I’m going to start this review by saying I know Mohammed Assaf, the subject of “The Idol.” I don’t know him in the way you would know a friend, but I know his music, I know of his success, and of the hope he’s stood for for so many in the Arab world, Palestinians in particular. Academy Award-nominated co-writer and director Hany Abu-Assad (“Paradise Now”) tries to recapture the magic of his journey to musical stardom and of his voice, which has been compared to some of the Arab world’s most respected and renowned singers. And it’s partially because I know Assaf’s music that it is with a heavy heart to say that “The Idol” doesn’t live up to the weight of his journey and would have worked far better as a documentary.
Mohammed (Kais Attalah) and his sister Nour (Hiba Attalah) are rambunctious children, often found running around their native Gaza, causing trouble, much to the chagrin of their mother (Manal Awwad). Realizing her brother’s talent, the duo, along with two of their friends form a band, sans instruments. Using their brain power, they come up with ways to make money to buy second-hand instruments and convince their parents to let them perform at weddings and social events in town.
Everything seems to come to a stop when Nour is diagnosed with kidney failure. Trying to help his sister, Mohammed tries to sell CDs of songs he’s recorded so that he could make money for a kidney transplant operation. After not really getting anywhere and coming down on emotionally difficult times, Mohammed (the older version is played by Tawfeek Barhom) spends years focusing on school and gets a job as a taxi driver to help pay the bills. His dream of singing not having disappeared, he finds out that “Arab Idol,” the Middle East version of “American Idol,” is holding auditions in Cairo. Putting his life in danger by trying to leave Gaza, Mohammed is determined and that determination sees him through the competition. With millions of eyes watching, he becomes a symbol of hope in an area where there is very little.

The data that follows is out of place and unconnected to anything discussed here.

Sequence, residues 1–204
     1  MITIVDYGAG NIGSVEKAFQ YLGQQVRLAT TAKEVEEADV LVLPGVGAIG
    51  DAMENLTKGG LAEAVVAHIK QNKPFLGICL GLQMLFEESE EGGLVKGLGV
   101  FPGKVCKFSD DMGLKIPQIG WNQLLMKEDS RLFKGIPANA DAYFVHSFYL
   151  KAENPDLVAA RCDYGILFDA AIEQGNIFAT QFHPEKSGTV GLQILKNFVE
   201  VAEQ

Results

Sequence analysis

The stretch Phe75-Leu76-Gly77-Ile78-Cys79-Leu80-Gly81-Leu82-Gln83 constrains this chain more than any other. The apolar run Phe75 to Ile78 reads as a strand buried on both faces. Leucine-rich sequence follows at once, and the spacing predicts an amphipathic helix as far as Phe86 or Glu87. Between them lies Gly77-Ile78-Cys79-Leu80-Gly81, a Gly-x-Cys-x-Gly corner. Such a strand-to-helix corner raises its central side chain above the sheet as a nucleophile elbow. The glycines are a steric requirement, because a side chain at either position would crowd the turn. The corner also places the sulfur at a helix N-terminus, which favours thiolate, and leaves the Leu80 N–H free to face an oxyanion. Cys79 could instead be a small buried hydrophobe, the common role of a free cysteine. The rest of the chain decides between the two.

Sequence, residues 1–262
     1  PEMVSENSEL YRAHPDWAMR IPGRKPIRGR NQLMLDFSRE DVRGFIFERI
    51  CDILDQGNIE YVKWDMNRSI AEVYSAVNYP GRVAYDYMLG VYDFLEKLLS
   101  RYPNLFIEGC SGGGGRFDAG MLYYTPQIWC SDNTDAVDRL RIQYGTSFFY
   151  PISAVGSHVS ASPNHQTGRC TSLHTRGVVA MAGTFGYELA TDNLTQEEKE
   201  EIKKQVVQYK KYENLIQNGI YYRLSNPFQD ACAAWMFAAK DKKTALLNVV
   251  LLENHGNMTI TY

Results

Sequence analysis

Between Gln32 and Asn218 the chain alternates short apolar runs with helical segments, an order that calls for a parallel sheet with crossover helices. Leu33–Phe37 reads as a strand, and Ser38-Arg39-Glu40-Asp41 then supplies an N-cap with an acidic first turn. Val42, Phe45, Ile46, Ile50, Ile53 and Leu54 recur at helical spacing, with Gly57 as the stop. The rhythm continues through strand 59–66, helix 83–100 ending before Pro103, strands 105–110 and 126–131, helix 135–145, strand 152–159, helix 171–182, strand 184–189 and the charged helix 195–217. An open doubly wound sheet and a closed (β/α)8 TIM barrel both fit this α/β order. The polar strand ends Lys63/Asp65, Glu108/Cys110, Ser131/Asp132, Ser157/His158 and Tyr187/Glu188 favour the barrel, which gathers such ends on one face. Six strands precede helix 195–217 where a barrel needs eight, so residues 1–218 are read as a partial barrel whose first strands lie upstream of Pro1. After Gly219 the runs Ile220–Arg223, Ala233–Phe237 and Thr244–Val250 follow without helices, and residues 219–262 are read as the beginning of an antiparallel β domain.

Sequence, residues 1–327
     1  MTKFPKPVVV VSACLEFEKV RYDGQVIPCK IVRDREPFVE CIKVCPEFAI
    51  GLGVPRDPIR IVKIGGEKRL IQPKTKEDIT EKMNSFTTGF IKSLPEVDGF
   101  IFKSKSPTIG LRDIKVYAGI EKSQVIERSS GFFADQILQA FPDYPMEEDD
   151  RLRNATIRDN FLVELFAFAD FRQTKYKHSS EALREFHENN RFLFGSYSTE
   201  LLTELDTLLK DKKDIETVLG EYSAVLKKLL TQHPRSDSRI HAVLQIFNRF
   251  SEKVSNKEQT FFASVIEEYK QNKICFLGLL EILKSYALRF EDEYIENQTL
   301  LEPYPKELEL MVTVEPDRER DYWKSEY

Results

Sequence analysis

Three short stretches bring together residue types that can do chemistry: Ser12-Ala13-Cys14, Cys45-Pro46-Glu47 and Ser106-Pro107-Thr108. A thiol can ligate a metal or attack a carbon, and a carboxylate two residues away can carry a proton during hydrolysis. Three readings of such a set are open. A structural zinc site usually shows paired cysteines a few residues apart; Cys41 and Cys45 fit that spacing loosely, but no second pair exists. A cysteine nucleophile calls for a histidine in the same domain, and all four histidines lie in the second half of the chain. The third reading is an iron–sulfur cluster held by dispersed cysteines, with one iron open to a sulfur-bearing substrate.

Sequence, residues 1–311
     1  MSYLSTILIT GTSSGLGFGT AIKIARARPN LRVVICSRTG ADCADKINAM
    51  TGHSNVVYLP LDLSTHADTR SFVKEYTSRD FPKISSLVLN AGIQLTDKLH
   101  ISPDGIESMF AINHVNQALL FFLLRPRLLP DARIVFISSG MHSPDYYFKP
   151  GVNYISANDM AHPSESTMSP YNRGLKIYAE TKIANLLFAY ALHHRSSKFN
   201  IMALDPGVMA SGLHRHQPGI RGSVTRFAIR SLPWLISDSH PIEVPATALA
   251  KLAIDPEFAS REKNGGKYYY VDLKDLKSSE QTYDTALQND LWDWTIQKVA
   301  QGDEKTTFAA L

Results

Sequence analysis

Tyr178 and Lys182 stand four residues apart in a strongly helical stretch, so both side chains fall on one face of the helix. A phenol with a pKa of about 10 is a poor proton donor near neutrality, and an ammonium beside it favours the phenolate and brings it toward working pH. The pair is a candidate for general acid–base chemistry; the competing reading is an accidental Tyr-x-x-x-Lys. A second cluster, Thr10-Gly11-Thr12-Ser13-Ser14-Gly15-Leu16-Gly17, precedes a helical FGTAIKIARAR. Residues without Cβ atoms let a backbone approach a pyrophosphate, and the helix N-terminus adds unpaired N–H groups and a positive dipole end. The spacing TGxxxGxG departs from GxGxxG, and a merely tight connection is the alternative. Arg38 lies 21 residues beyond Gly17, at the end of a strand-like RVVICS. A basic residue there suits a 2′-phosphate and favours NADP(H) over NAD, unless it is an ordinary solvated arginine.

I do admire the film’s spirit, of which it has plenty. The child actors especially do well with the mediocre material to work with. There’s a lot of story aspects that don’t quite hit the emotional nerve they’re meant to, however. During “Arab Idol,” there are segments in which we get to know the competitors and this is when emotions become high. While there’s a lot of potential, a lot of it feels too generic. It’s only in the end, when the real Mohammed Assaf is seen winning the competition and there are shots of the thousands of people that the goosebumps appear and you know what his achievement has accomplished on a larger scale.
Assaf’s voice is phenomenal, strong and worth listening to. And as much as Abu-Assad has directed great things in the past, the script isn’t as strong here and struggles a bit to maintain audience engagement. Seeing the real Assaf would have worked far better, especially when the film opts to have Tawfeek Barhom lip-sync to Assaf’s voice. It doesn’t look authentic enough to muster an emotional response to his voice, which should have been the case. “The Idol” leaves a lot to be desired and a documentary-style format may have served Assaf’s journey better. There isn’t enough conviction within the narrative and the plot is lackluster and plays too easily into its conflicts without being able to properly execute its conflicts. This isn’t to say that it’s a terrible film, but it is ultimately underwhelming.
"The Idol" leaves a lot to be desired and a documentary-style format may have served Assaf's journey better. This isn't to say that it's a bad film, but it is ultimately underwhelming.